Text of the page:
SCOTUS today issued its opinion in Rothgery v. Gillespie County [pdf], which has caused some discussion in the blawgosphere. The prevalent theme in this discussion is a sense of being unfulfilled. A sort of “that’s it?”
There’s also some confusion as to what the decision really means.
Only one thing is clear: It is narrow. Very, very, narrow.
Our holding is narrow. We do not decide whether the 6-month delay in appointment of counsel resulted in prejudice to Rothgery’s Sixth Amendment rights, and have no occasion to consider what standards should apply in deciding this. We merely reaffirm what we have held before and what an overwhelming majority of American jurisdictions understand in practice: a criminal defendant’s initial appearance before a judicial officer, where he learns the charge against him and his liberty is subject to restriction, marks the start of adversary judicial proceedings that trigger attachment of the Sixth Amendment right to counsel.
So the decision was on a small, technical issue and the case will be sent back to the Fifth Circuit to determine whether any of Rothgery’s rights were actually violated (remember, this is a 1983 case).
So if they’d left it at that, it’d be fine. But then there’s this other business (from J. Alito’s concurrence):
As I interpret our precedents, the term “attachment” signifies nothing more than the beginning of the defendant’s prosecution. It does not mark the beginning of a substantive entitlement to the assistance of counsel. I write separately to elaborate on my understanding of the term “attachment” and its relationship to the Amendment’s substantive guarantee of “the Assistance of Counsel for [the] defence.” The Sixth Amendment provides in pertinent part that “[i]n all criminal prosecutions, the accused shall enjoy the right . . . to have the Assistance of Counsel for his defence.” The Amendment thus defines the scope of the right to counsel in three ways: It provides who may assert the right (“the accused”); when the right may be asserted (“[i]n all criminal prosecutions”); and what the right guarantees (“the right . . . to have the Assistance of Counsel for his defence”). It is in the context of interpreting the Amendment’s answer to the second of these questions—when the right may be asserted—that we have spoken of the right “attaching”.
Weaving together these strands of authority, I interpret the Sixth Amendment to require the appointment of counsel only after the defendant’s prosecution has begun, and then only as necessary to guarantee the defendant effective assistance at trial. Cf. McNeil, 501 U. S., at 177–178
So the criminal prosecution commences for Sixth Amendment purposes when there is an arraignment (or in Rothgery’s case – a presentment to a magistrate), but that doesn’t necessarily mean that the defendant be afforded counsel?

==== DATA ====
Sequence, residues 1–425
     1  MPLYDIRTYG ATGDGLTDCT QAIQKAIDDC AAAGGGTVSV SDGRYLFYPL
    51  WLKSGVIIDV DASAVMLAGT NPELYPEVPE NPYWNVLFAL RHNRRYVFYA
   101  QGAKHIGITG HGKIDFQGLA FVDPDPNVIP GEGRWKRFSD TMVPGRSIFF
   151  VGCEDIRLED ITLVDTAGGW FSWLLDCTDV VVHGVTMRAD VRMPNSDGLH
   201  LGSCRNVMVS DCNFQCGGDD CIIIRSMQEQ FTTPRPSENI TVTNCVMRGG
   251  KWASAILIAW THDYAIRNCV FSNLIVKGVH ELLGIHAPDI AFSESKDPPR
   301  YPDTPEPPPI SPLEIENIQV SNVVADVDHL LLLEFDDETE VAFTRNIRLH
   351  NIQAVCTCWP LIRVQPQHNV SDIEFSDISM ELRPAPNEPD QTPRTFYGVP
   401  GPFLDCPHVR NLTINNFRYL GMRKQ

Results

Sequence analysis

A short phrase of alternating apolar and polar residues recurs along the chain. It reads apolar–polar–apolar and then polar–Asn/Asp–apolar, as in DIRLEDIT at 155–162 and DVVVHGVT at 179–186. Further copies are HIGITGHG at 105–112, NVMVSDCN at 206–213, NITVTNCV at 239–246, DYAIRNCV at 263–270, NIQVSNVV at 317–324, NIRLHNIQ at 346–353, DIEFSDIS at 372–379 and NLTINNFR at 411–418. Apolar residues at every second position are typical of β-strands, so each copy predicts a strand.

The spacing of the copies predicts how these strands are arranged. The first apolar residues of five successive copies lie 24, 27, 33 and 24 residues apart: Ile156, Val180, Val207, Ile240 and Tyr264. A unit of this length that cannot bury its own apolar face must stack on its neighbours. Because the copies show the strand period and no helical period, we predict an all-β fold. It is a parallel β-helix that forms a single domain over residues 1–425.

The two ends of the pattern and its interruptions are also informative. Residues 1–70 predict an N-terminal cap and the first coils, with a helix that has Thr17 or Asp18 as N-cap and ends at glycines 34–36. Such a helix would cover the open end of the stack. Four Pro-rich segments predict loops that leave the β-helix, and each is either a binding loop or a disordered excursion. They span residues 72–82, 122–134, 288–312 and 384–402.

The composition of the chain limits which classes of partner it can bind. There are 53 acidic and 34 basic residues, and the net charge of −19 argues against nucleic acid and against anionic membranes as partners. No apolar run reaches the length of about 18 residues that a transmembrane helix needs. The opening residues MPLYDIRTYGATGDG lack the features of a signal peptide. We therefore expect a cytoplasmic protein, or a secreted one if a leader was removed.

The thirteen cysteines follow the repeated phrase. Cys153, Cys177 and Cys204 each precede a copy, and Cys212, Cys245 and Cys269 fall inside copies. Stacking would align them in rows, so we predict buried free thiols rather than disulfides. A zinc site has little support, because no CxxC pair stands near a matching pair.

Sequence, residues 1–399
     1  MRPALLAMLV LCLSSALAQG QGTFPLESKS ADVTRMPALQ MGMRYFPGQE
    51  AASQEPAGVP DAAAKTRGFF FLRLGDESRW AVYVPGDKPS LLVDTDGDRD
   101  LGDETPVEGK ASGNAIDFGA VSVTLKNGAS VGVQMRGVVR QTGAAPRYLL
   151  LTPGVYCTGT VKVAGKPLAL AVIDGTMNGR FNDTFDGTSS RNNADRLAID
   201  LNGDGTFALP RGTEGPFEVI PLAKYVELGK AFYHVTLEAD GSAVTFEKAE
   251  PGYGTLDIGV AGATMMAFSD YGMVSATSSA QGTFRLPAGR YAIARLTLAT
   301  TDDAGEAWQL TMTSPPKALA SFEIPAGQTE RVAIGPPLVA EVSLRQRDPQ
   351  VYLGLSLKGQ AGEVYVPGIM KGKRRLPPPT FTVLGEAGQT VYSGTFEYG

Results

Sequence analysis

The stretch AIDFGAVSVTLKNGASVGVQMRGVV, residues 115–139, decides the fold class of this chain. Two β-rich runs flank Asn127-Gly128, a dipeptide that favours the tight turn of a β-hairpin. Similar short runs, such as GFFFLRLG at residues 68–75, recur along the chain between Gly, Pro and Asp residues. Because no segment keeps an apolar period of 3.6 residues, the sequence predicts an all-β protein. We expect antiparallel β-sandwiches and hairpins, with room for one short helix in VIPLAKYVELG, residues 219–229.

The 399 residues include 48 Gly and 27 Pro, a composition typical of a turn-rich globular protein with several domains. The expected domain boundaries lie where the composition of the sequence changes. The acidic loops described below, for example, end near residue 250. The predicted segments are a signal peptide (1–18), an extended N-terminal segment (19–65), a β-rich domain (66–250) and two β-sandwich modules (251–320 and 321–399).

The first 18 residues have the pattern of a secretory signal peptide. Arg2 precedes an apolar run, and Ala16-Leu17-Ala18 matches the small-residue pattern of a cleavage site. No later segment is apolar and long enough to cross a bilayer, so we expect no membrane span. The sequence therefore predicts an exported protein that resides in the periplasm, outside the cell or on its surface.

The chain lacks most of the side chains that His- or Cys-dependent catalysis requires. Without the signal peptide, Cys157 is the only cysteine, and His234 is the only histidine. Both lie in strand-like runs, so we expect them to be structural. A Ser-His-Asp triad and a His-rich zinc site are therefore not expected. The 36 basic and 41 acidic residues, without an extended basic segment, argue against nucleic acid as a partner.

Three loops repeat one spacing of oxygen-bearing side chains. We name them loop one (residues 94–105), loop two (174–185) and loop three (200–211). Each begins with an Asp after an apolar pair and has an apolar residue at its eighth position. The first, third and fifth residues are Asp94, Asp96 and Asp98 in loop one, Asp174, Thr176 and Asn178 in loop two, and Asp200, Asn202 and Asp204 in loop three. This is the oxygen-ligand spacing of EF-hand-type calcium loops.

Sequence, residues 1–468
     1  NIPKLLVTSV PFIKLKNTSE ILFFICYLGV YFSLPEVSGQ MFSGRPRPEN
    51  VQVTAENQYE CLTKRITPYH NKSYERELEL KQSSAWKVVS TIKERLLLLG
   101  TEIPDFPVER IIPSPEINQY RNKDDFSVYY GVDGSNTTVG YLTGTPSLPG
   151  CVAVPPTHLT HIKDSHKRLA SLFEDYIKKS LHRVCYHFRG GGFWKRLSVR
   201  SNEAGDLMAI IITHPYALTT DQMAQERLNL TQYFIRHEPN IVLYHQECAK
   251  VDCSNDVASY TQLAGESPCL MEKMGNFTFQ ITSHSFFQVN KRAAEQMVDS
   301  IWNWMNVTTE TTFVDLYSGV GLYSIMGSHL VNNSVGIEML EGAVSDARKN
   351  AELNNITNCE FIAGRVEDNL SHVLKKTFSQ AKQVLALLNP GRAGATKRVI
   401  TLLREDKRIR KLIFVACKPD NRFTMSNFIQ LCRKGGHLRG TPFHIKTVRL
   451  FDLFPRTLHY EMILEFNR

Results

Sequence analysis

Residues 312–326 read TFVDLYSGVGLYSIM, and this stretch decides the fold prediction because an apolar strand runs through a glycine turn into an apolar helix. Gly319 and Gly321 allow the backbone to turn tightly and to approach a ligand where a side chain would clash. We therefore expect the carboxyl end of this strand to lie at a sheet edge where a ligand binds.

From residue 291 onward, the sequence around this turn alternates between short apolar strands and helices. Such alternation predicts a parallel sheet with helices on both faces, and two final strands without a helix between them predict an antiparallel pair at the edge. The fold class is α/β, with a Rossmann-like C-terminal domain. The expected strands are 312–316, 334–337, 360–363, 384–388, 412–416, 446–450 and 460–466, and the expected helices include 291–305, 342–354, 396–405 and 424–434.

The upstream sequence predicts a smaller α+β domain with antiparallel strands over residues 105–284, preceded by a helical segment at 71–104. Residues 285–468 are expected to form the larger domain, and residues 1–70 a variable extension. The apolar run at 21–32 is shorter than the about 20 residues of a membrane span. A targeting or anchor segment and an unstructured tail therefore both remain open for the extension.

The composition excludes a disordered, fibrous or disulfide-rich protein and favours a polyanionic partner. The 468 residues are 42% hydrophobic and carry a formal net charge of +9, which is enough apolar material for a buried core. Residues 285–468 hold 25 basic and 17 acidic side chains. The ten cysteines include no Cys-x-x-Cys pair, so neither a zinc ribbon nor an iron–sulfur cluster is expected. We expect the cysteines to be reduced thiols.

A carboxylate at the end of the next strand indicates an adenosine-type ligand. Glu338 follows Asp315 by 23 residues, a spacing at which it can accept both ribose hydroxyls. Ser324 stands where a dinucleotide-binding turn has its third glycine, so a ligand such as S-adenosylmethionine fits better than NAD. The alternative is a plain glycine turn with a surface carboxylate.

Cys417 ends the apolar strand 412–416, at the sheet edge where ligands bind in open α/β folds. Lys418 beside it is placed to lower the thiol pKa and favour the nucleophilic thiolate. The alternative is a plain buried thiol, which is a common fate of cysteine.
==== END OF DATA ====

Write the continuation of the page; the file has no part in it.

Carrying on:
As Justice Alito’s concurrence notes, a finding that the right to counsel has “attached” means only that counsel must be present for “critical stages,” which are events where counsel needs to be present to preserve rights related to the forthcoming trial. There is, to date, no Supreme Court precedent that requires appointment of counsel for indigent defendants to protect rights other than trial.
So, we have no concrete decision on what is that first “critical stage”. Does the right to counsel attach only for critical stages, so in between these “critical stages”, there is no right to counsel? Or is it a critical stage from that first event all the way through to trial?
Obviously, I think the answers to these are fairly simple. There is an initial stage, say the arraignment, where a criminal prosecution is commenced. Anything that happens after that is with an eye toward a trial. So after arraignment, indictment or whatever it is in your local jurisdiction, right to counsel should attach (and a substantive right, not this incomprehensible Rothgery “right”). It only makes sense.
Some argue that there is no right to counsel during pre-trial negotiations. That is a red herring. No prosecution is undertaken with the goal of resolving it via plea bargaining. Plea bargaining is something that happens (albeit very frequently) along the way to a trial. During the plea bargaining process, the defense attorney is investigating the state’s case, conducting legal research, filing motions to dismiss/suppress, etc. It’s all with an eye toward the trial. That most cases are resolved via pleas is incidental.
Further, a plea bargain still results in a conviction (mostly) or a dismissal. If there were no right to counsel to assist in the plea bargaining process, then convictions would be obtained without counsel. There would be no one to point out the weaknesses in the State’s case; the whole system would be reduced to prosecutors vs. pro-se defendants. And then if a plea bargain goes south and case proceeds to trial, a defense attorney is placed in the position of having to undo the damage done by the pro-se defendant.
The system would not function. See previous post on IAC during plea bargaining for more.
One final point on Rothgery: The decision does not mandate, as some have suggested, that Texas appoint counsel for defendants every time someone is “presented” at a bail hearing. The decision did not address what Texas (or any other state) must do when a criminal prosecution is commenced. It simply addressed the time at which a prosecution is deemed to commence.
[The Crime and Consequences post linked to above has the throwaway line: “Of course, to be truly faithful to history the Court would have to overrule Gideon v. Wainwright, and be done with the whole appointed counsel matter.” Such a statement is dangerous and possibly ignores the disastrous consequences of such an event. It merits a whole post, which will follow sometime this week.]